Did "Hermit" Sea Creature Hide Under Borrowed Shells in First Forays Onto Land?

By Eliza Strickland | April 13, 2009 1:35 pm

tracks CambrianThe first sea creatures to venture onto land may have been temporary visitors who protected themselves on the dangerous trip with borrowed armor, according to a new study. Fossil tracks discovered on an ancient Cambrian-period beachhead suggest an intrepid group of aquatic scorpion-like creatures commandeered empty mollusk shells, much like modern day hermit crabs. Researchers think they used the shells as protection against the harsh dry air, and stole ashore under cover of darkness to graze on mats of algae exposed during low tide [Discovery News].

 Much scientific attention has focused on the water-to-land transition that vertebrates made between 385 million and 376 million years ago…. But by that era, another group of creatures — arthropods, the group that today includes crustaceans, scorpions and insects — had been strolling around on land for more than 115 million years [Science News], notes lead researcher James Hagadorn. The tracks he studied, which date from about 500 million years ago, appear to have been made by a many-legged arthropod distantly related to scorpions and horseshoe crabs.

In the new study, published in the journal Geology, Hagadorn and a colleague came to the conclusion that the early arthropod borrowed a shell based on the tracks it left in the primordial sand. Some of the tracks show odd markings along their left side, as if the animals had bent tails that dragged to one side. [The researchers] now report that these tracks are very similar to the distinctive ones left by a hermit crab carrying a coiled shell [New Scientist]. Carrying a shell onto land could have kept the adventurous arthropod from drying out, as trapped seawater inside the shell would have kept its gills moist. It would have also shielded the critter from temperature fluctuations and ultraviolet light.

Hagadorn admits the notion of innovative hermit arthropods crawling in the open 500 million years ago is speculative. And all he and [his colleague Adolf] Seilacher have to go on right now are a series of tracks — no body fossils have been discovered. “I am confident the animal that made these tracks was an arthropod. I am not at all confident it was a hermit arthropod,” Hagadorn said. “It’s the best idea we’ve got, though. It’s kind of like solving a crime without the murder weapon or DNA evidence” [Discovery News].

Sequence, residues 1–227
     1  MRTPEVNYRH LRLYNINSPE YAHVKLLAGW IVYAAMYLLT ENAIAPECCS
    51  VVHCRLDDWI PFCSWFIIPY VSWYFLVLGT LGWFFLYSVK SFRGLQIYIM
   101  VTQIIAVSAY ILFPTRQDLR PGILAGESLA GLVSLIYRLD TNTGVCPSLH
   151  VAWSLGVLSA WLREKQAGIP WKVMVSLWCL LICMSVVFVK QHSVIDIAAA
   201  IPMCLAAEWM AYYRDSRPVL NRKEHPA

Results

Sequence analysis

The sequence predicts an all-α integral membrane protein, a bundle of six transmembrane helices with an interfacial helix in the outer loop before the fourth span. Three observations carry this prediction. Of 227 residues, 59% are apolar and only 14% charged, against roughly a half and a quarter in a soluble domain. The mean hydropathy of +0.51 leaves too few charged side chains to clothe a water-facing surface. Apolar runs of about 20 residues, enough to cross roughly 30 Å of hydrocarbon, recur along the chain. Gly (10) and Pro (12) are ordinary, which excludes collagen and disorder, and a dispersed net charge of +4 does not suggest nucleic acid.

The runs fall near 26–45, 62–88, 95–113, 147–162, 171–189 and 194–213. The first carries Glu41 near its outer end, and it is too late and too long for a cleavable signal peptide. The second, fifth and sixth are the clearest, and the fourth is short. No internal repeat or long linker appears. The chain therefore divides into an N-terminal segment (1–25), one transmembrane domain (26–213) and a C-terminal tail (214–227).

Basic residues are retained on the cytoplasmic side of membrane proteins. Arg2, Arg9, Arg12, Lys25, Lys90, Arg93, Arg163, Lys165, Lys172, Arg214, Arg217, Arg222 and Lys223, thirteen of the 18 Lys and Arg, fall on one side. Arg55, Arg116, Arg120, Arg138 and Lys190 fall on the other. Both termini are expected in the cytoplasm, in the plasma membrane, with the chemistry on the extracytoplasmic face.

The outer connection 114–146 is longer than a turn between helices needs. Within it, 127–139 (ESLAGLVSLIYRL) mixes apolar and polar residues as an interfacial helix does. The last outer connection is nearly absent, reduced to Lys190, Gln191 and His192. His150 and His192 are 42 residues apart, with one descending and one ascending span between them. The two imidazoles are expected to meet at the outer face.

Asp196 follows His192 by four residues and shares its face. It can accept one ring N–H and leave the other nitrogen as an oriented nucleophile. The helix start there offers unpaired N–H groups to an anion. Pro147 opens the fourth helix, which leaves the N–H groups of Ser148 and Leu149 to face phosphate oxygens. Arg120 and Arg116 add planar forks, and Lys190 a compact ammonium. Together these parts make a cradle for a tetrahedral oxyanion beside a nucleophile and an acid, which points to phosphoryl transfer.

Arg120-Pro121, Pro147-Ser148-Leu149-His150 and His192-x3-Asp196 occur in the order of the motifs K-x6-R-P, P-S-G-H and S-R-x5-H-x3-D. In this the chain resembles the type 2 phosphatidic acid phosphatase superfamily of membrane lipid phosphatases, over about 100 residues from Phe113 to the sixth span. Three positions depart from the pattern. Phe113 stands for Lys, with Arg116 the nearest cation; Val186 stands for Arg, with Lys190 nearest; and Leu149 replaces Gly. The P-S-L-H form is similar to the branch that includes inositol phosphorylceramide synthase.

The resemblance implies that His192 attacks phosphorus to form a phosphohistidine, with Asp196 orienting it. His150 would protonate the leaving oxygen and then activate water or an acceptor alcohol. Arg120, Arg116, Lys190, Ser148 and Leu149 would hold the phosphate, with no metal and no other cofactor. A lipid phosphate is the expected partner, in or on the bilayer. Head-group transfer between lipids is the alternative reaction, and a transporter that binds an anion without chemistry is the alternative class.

Related Content:
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DISCOVER: A Secret History of Life on Land tracks the evolutionary history of invertebrates

Image: James W. Hagadorn

CATEGORIZED UNDER: Living World
MORE ABOUT: evolution, fossils, ocean
  • Kenneth C Gass

    New fossil and experimental evidence has now been announced that validates Hagadorn’s own scepticism about the hermit theory. Joseph Collette, James Hagadorn and I published our findings in the May issue of the Journal of Paleontology. The new evidence indicates that the animal responsible for making the shingled imprints was capable of doing so with its own tail, without the help of a mollusk shell. Instead of being the oldest fossil evidence of hermit behavior, these fossils now seem more likely to be the oldest evidence of mating behavior in the fossil record. The peculiar, shingled imprints may have been produced by the female’s tail held to the side to prevent its interference with fertilization. It is suggested that the male of the pair produced the observed, repeated “notches” with its own tail as he fertilized the eggs while clasped onto the female, much in the same way as modern horseshoe crabs mate. The new evidence explains these unusual fossils without the difficulties of the hermit theory, such as the lack of fossil evidence that a shell capable of producing the shingled imprints had evolved by that time.

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